Good morning Kai,
Thank you for your follow-up email on the progress on my back injury healing process.
Since our meeting I have focused on moving in a spine friendly, hygienic way. I have done the big 3 every day, taking an occasional day off once every 2-3 weeks. I typically choose such a day based on tiredness of my proximal stabilizers or soreness and find the following day I feel rested and more technically proficient.
Right now I am completing the descending Russian pyramid of 8, 6, 4, holding each contraction for 10 seconds. I bumped it from 6 to 8 after a couple of months to increase the difficulty per your instructions to increase resistance over time. I have also started building in stir the pot, which my back and body is tolerating well. I have a walking regimen I follow every day.
Interestingly, not surprisingly, your prediction in my evaluation results of a 30-40% reduction at this time frame was spot on. I feel it is actually a bit more than that. I notice small improvements in many areas like the car, bed, sitting, etc. that show slow healing.
Last, I have taken it upon myself, to more fully educate my kinesthetic and exercise physiology knowledge base on back injuries and training through Dr. McGill and his research. I have listened to numerous podcasts, read articles, and am currently reading Ultimate Back Fitness. To this end, I need to train again eventually, and am building a home gym in my oversize garage, which I am excited about. Slow, spine friendly, “wading” back in to regular resistance exercise will be the plan with an absence of damaging movements and type A mentality.
As a former cross-fitter, I have focused on learning about why this exercise regimen is so potentially damaging to the human linkage and specifically lower back. Although I can see clearly that Stu and you shy away from saying “don’t do crossfit”, here is my understanding and opinions, that you are free to share with your clients if it helps them:
Crossfit is dangerous for many participants, risking both short and long term back injury for a number of reasons.
First, it takes Olympic lifting movements that are supposed be each completed with perfect form (load the spine but don’t move it, or move the spine but don’t load it) in lower repetitions (lower equals more focus on perfect technique with each movement) and builds them into workouts with high numbers of repetitions in a competitive, personal, group, and time focused competition. This results in breakdown of technique and the spinal linkage bearing the brunt of the force caused by loading and moving the linkage concurrently.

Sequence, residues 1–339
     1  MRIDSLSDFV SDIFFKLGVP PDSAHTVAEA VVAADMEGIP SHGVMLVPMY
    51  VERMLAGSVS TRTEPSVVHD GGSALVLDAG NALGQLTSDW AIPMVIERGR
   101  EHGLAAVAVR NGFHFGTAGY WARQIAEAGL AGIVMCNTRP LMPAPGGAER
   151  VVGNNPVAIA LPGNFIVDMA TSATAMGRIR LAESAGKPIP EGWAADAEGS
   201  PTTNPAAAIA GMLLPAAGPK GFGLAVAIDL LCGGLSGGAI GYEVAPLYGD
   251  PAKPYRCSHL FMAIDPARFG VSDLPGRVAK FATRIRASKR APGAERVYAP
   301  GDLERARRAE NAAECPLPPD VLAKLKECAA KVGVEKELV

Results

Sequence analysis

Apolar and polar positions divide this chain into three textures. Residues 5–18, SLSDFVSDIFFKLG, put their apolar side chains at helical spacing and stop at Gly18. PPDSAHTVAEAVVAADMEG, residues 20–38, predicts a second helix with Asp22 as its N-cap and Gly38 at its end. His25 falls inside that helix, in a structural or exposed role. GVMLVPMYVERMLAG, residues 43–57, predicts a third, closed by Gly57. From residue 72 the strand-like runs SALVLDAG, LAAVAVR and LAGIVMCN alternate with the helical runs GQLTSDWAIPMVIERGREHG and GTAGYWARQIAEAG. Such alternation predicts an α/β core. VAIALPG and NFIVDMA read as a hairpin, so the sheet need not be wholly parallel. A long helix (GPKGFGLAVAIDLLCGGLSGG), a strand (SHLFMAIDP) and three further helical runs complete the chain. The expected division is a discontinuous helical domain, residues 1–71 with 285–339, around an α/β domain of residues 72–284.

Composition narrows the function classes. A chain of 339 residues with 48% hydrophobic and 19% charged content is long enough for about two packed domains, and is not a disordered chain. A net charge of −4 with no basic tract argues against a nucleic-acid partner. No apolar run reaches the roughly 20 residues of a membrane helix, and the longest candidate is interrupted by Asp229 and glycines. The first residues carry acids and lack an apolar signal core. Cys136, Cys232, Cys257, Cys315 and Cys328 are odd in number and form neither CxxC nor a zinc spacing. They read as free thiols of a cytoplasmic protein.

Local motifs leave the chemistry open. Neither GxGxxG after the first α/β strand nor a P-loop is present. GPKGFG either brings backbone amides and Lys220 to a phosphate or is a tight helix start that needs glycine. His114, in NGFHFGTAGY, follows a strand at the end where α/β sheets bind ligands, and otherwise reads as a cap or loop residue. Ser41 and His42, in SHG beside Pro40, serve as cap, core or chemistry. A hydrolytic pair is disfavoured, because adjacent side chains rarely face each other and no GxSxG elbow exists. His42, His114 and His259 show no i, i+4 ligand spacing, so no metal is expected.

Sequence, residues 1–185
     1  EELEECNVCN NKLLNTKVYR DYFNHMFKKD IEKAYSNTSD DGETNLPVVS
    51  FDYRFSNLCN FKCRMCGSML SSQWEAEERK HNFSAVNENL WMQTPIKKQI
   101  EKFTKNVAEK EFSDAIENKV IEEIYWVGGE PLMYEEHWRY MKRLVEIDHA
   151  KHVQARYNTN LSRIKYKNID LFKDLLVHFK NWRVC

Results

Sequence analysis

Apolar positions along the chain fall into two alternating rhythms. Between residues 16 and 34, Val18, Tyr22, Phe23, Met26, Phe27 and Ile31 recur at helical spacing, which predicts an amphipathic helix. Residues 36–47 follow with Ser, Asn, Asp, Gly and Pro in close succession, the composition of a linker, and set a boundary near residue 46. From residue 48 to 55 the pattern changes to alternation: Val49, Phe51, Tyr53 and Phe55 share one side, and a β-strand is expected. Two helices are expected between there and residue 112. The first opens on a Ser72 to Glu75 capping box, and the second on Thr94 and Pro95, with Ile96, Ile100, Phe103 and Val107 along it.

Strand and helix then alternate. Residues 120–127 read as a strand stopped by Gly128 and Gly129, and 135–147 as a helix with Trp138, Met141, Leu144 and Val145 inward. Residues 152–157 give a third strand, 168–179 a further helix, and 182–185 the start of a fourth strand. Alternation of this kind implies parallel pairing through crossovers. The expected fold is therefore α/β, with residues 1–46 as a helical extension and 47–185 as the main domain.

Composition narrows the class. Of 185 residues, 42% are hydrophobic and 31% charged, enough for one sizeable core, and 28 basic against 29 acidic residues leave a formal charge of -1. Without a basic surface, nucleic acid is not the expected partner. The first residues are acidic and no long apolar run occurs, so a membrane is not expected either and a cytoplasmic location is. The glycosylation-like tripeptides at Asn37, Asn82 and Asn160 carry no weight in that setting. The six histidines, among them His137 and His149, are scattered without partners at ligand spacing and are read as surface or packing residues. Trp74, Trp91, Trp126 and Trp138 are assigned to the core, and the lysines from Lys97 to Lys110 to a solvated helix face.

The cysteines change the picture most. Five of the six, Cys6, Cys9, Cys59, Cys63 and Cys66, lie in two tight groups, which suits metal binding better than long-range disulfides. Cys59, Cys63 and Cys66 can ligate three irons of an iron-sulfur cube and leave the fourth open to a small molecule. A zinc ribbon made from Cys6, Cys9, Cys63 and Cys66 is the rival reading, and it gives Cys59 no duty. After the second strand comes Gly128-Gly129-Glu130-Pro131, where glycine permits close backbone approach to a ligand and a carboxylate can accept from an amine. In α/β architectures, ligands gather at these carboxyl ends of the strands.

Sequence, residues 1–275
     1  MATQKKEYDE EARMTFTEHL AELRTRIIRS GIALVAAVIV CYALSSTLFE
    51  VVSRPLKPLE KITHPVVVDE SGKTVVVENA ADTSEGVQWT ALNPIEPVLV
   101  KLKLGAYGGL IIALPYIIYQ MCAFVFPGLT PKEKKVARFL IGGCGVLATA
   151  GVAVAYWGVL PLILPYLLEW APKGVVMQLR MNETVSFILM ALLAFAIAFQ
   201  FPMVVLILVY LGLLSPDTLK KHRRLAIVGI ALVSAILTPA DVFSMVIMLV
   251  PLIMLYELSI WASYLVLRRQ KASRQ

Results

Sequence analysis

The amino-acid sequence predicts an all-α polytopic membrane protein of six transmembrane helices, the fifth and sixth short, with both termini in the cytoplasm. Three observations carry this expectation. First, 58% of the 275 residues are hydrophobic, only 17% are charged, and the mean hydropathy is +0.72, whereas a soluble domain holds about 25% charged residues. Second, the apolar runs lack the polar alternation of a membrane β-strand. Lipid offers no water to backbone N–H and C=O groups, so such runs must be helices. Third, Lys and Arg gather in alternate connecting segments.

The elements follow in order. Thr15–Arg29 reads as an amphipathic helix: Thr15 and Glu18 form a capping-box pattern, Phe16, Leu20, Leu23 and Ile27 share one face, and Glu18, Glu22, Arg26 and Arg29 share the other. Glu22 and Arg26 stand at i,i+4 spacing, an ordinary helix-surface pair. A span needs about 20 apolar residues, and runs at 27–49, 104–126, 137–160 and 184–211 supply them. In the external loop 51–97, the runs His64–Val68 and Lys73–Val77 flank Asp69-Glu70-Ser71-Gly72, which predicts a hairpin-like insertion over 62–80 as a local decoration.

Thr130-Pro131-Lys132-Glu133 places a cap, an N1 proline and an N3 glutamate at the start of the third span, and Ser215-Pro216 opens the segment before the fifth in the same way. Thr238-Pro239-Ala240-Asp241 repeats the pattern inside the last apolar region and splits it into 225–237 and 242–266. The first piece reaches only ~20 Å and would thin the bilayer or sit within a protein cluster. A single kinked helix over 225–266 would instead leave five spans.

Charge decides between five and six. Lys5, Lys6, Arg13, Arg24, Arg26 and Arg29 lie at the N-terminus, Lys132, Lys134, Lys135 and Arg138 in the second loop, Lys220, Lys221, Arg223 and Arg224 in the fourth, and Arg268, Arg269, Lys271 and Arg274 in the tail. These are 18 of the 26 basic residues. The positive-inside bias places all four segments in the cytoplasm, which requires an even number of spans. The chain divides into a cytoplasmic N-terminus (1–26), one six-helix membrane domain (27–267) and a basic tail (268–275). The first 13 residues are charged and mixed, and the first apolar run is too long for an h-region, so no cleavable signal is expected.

Second, Olympic lifts place tremendous stress on the discle structure, vertebrae, and end plates. Based on human physiology, the body needs adequate time (days) to heal before repeating such stress input in another workout. In crossfit, this stress input is not solitary, meaning it is almost always paired with other movements as part of the workout. Example: 12 hang power cleans, paired with toes to bar, and double unders – 6 rounds for time. At some boxes, participants specifically weight train for the first part of class prior to the workout, thus increasing this stress on the body (spine) before completing the group workout. Again, likely further breakdown of technique due to muscular and mental fatigue for movements that demand precision and solid technique. Part of the amazing group motivation and fun of crossfit is doing multiple days per week when in actuality, even though a participant may be performing a different lift each day (Clean and Jerk Monday, Squats Tuesday, Snatches Wednesday), the human body is not getting the rest days in between the stress inputs, which allow for healing of the discle structures, micro fractures of the end plates, and necessary adaptation and “callousing” before another stress stimulus. This repeated stress day after day, week after week, will eventually push the spinal linkage past the tipping point for many participants, resulting in injury. The argument that “crossfitters never train at a weight level where they could damage themselves” is in fact untrue. If they trained at very heavy weight levels, damage to the linkage and back will certainly come sooner. But based on the combination of exercises, higher reps, etc. lower weights will still cause injury, just take longer to do so.